Robotics Essay Research Paper Robots the definition

Robotics Essay, Research Paper Robots, the definition from Webster s Dictionary, is an automatic device that performs functions normally ascribed to

Robotics Essay, Research Paper

Robots, the definition from Webster s Dictionary, is an

automatic device that performs functions normally ascribed to

humans or a machine form of a human. Robots and robotics are

growing fields that have progressed since the 1940 s. The first

use of the word ‘robot’ was made by the acclaimed Czech

playwright Karel Capek, from the Czech word for forced labor or

serf. The use of the word Robot was introduced into his play

Rossum’s Universal Robots which opened in January of 1921. In

Rossum’s Universal Robots, Capek poses a paradise where the

machines initially bring so many benefits but in the end bring an

equal amount of blight, in the form of unemployment and social

unrest. The word ‘robotics’ was first used in Runaround, a short

story published in 1942 by Isaac Asimov. One of the first robots

Asimov wrote about was a robotherapist, a modern counterpart to

Asimov’s fictional character is Eliza. Eliza was born in 1966 by a

Massachusetts Institute of Technology Professor, Joseph

Weizenbaum, who wrote Eliza, a computer program for the study

of natural language communication between man and machine. She

was initially programmed with 240 lines of code to simulate a

psychotherapist by answering questions with questions.

Isaac Asimov had four laws that he thought all robots should go

by: Law Zeroth: A robot may not injure humanity, or, through

inaction, allow humanity to come to harm.

Law One: A robot may not injure a human being, or, through

inaction, allow a human being to come to harm, unless this would

violate a higher order law.

Law Two: A robot must obey orders given it by human beings,

except where such orders would conflict with a higher order law.

Law Three: A robot must protect its own existence as long as

such protection does not conflict with a higher order law.

Some of the first actually Robots date into the 1940 s. This

robot was done by Grey Walter and called Machina Spectulatrix.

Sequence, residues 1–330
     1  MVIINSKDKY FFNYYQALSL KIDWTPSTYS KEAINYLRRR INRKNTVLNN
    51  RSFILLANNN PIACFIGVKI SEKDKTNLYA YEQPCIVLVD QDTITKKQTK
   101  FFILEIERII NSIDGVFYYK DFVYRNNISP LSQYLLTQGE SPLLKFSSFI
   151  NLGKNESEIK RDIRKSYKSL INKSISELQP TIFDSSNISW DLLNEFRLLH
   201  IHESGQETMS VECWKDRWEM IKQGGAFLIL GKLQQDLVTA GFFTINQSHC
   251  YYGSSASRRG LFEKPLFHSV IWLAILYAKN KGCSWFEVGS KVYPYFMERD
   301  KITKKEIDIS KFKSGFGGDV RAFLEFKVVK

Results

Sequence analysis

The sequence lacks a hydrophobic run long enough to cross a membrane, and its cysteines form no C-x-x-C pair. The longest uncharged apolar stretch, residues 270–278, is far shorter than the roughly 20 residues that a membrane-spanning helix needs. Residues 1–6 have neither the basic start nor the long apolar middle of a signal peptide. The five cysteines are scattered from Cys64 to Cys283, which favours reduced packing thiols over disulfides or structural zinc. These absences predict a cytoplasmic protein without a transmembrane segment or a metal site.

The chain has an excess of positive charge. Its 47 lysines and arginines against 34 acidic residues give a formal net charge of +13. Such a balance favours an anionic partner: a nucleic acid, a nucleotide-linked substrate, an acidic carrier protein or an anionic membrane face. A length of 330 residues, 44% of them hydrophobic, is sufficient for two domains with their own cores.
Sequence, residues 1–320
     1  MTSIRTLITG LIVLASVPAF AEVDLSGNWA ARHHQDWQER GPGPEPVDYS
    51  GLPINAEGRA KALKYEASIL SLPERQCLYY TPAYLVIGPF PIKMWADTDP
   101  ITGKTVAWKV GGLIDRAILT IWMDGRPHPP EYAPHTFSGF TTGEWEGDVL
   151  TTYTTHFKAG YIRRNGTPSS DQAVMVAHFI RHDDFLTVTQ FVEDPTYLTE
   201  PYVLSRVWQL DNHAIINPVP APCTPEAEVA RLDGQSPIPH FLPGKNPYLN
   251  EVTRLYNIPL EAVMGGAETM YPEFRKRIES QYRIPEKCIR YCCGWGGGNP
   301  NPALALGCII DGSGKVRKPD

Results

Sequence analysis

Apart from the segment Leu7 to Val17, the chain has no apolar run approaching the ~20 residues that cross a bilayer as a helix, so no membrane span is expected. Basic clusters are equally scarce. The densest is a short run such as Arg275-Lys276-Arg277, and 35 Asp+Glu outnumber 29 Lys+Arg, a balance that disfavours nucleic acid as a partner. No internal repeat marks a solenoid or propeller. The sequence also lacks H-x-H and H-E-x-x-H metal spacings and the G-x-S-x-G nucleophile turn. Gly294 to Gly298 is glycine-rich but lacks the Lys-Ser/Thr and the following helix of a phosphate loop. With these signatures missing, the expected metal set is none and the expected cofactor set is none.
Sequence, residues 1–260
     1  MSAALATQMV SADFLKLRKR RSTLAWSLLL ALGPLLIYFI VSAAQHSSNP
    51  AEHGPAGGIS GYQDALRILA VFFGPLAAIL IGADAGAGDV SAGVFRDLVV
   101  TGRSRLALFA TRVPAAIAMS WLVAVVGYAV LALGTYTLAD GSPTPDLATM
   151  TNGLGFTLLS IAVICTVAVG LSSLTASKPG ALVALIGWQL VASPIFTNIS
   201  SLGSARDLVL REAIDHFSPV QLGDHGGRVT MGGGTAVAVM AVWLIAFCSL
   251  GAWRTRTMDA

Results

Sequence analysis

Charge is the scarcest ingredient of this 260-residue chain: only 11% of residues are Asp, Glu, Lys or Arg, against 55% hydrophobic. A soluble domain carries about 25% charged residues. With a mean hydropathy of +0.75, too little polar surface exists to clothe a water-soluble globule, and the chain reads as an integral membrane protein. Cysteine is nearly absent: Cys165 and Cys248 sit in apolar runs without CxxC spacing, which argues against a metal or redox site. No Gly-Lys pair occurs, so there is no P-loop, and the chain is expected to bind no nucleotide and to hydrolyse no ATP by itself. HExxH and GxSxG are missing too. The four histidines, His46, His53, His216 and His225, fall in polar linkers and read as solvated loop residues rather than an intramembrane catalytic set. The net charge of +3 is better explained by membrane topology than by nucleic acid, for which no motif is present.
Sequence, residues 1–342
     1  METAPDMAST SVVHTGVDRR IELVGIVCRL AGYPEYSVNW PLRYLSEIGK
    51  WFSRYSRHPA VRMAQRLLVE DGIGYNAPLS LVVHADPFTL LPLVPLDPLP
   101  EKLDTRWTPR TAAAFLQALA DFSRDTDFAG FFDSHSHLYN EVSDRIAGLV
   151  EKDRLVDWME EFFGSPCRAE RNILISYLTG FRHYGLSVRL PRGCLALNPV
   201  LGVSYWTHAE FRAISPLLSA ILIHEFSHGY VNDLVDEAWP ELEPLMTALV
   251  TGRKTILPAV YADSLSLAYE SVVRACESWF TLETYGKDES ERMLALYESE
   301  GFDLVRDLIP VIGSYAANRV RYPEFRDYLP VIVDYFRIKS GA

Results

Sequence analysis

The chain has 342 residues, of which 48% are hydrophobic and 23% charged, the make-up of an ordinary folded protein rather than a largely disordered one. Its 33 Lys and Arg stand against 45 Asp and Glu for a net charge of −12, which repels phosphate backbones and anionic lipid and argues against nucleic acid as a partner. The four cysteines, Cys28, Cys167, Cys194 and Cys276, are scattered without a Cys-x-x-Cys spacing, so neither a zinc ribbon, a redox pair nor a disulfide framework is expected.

People called it the turtlebot for short. His robot was just

recently restored to a working state. The turtlebot s are

three-wheeling, light-seeking creatures. A photoelectric cell was

mounted on the steering column with a front wheel attached. The

turtles were propelled by two small electric motors, to roam in

any direction with sensor contacts to avoid obstacles. The turtles

searched and aimed towards the light, but when the light

intensity became too bright they retreated to their hutches to

recharge. Its a very basic robot but Walter was ahead of his time

doing the Robot.

In 1956, a meeting occurred between George C. Devol and

Joseph F. Engelberger. The two met over cocktails to discuss the

writings of Isaac Asimov. The result of this historic meeting was

that Devol and Engelberger, created a working robot nicknamed

the ‘Unimate’. The first Unimate was installed at a General

Motors plant, where it worked with the heated die-casting

machines. Engelberger started a manufacturing company called

‘Unimation’ which stood for Universal Automation, the first

commercial company to produce robots. Devol wrote the

necessary patents. Unimation is still in production today, with

robots for sale.

All robots that work and do things are run by programs.

Most of the programs being made are trying to emulate programs

that let the robot have AI. AI stands for artificial intelligence.

Back in 1637 a French philosopher-mathematician Rene Descartes

predicted that it would never be impossible to make a thing that

had AI. In 1950 the British mathematician and computer pioneer

Alan Turing declared that one day there would be a machine that

could duplicate the thoughts of a human being. This would be done

by passing a specialized test, this test will be done by a computer

and a human hidden from view would be asked random identical